The tectonic plates of the political landscape are shifting.
Over the last month, wave after wave of adversity has conspired to pull support for the union below 50%.
The announcement of Boris Johnson’s premiership, the increasing likelihood of a no-deal Brexit, prorogation of Parliament and the subsequent resignation of the most ardent defender of the union in Scotland, Ruth Davidson, has accelerated support for independence.
For the first time since the week before the referendum in 2014, polls in Scotland are showing a majority support for independence.
Supporters of true independence – out of the EU and out of the UK – have cause for optimism.
However, I wrote recently that the path to independence is paved with potholes.
The current trajectory appears as more of a reaction to the governance of Westminster rather than support for Holyrood and what stands in the way is the absence of a Section 30 order to carry out a constitutionally legitimate referendum.
The case for independence has also changed, given that the new case would include Scotland’s admission to the EU and that issue has the potential to derail the juggernaut.
Furthermore, the economic case was dealt a blow last week given Scotland’s shambolic share of GDP figures and the currency issue has yet to be resolved in a manner that reassures.
An independent Scotland’s admission to the EU would require the support of the 27 other member states which would invite a potential veto from Spain or Belgium keen to quell, rather than swell, support for the growing independence movements in Catalonia and Flanders.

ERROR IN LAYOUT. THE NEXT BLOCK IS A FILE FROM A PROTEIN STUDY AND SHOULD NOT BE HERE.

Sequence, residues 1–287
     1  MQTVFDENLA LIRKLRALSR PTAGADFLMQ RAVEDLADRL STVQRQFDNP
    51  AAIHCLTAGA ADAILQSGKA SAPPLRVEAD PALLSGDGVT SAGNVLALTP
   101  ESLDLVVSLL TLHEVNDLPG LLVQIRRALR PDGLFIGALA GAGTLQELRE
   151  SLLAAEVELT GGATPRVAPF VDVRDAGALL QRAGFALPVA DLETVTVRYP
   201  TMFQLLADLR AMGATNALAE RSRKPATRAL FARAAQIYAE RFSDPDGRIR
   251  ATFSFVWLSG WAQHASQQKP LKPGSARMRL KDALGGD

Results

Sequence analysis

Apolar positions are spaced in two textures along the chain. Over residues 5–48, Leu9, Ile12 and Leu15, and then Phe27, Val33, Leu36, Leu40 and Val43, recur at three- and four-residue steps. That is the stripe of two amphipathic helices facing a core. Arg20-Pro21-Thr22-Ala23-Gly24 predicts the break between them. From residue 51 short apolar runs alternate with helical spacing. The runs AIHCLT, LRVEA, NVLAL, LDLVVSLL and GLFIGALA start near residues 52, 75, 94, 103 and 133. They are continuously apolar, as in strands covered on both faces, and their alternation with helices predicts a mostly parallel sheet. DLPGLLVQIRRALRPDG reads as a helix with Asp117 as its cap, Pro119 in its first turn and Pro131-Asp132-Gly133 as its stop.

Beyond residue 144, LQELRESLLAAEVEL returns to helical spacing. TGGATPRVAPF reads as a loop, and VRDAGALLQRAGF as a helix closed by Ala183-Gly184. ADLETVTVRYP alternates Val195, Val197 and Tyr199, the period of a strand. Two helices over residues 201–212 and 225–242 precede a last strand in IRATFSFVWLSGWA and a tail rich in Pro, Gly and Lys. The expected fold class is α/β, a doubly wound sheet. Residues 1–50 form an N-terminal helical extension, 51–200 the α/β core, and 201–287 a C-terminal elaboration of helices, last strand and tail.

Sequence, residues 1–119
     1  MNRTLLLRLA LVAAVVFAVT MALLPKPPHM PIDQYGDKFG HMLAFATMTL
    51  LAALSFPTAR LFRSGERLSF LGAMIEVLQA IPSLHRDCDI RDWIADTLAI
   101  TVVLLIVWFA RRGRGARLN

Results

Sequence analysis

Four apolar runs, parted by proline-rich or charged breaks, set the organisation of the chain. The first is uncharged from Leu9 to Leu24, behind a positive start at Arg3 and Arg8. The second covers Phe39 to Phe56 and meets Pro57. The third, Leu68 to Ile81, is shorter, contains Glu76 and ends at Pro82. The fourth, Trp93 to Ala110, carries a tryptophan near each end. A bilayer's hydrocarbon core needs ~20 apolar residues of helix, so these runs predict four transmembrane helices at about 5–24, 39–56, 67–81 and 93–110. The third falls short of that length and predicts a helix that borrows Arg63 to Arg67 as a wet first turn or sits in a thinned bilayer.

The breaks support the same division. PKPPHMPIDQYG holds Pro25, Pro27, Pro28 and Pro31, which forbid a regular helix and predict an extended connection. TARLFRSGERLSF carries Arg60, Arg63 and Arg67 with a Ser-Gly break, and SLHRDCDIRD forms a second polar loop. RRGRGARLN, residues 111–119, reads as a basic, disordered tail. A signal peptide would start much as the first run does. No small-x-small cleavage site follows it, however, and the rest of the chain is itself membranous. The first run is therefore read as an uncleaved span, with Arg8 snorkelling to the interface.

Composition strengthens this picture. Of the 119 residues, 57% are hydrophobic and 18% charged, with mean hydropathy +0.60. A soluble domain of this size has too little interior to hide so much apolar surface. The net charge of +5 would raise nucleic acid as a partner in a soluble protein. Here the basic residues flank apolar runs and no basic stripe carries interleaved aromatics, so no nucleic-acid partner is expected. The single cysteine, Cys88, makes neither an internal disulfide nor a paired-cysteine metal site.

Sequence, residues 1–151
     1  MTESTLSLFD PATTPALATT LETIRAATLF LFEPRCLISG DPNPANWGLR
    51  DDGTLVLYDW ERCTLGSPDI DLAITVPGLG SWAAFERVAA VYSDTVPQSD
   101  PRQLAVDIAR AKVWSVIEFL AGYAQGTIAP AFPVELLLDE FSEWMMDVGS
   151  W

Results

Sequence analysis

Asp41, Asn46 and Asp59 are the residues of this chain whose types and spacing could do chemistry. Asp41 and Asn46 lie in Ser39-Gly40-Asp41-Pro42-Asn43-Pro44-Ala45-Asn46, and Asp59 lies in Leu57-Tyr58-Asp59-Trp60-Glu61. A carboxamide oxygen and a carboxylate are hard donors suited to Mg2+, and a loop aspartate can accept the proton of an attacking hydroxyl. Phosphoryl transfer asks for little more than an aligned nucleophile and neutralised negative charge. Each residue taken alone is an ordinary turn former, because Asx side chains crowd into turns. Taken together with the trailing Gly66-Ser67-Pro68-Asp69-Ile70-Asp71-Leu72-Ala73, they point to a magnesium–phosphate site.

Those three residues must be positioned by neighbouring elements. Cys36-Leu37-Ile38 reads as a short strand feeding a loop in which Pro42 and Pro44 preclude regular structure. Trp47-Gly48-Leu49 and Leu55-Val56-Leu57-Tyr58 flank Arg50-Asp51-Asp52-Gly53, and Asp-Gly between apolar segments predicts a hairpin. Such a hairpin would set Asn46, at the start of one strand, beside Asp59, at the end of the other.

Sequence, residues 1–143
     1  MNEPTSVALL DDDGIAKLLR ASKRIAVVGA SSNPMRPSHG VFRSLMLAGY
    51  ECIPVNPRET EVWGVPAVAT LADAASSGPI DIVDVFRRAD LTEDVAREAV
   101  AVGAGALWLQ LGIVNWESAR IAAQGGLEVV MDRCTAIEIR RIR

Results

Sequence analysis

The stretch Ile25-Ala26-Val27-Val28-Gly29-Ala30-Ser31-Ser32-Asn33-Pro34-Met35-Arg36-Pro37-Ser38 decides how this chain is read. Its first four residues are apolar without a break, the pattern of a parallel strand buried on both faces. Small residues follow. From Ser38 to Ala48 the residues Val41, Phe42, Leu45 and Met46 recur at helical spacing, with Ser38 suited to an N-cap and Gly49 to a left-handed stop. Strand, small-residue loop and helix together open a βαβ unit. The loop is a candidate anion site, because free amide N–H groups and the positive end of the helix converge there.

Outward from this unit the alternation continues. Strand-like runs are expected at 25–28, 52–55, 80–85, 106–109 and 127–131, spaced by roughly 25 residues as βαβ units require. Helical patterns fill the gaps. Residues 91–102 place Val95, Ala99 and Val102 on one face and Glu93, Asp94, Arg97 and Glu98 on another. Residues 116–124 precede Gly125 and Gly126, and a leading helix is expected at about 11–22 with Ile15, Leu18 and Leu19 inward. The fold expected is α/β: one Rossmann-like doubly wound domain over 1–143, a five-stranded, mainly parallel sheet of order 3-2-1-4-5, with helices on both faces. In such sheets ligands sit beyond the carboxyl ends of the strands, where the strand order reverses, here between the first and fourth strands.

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Although Spanish Foreign Minister Josep Borrell has indicated he may support Scotland’s accession, it is not clear if Belgium would resist.
Additionally, EU admission would also require support from the electorate in Scotland, who may be less enticed to vote as supportively as they did in 2016 if an inevitably poorer deal was on the table.
This could mean a Scottish referendum on Europe.
While there would be fringe benefits for Scotland from immediate increased trading potential, the welding together of the Scottish economy with the macro-economic goliath of the Eurozone would crucify any hope of economic resilience.
This is not only because of the contributions Scotland would be expected to pay as a member state but more fortuitously as a result of the terminal economic decline of European’s largest remaining contributors manifested by stagnation in France, deceleration in Germany and recession in Italy.
And would we be expected to accept the significantly weaker and more turbulent currency of the Euro?
Finally, the decision to prorogue Parliament last week may appear like an extreme measure but the only people complaining about it being anti-democratic appear to be the anti-democrats who want to dispense with the vote to leave the European Union.